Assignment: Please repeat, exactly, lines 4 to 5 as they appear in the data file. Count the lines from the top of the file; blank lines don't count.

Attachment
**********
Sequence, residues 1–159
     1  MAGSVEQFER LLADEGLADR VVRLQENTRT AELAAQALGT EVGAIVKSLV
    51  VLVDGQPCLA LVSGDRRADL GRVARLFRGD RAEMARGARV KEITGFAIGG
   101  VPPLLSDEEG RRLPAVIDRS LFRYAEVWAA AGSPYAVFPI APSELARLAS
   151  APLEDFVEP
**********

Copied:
   101  VPPLLSDEEG RRLPAVIDRS LFRYAEVWAA AGSPYAVFPI APSELARLAS
   151  APLEDFVEP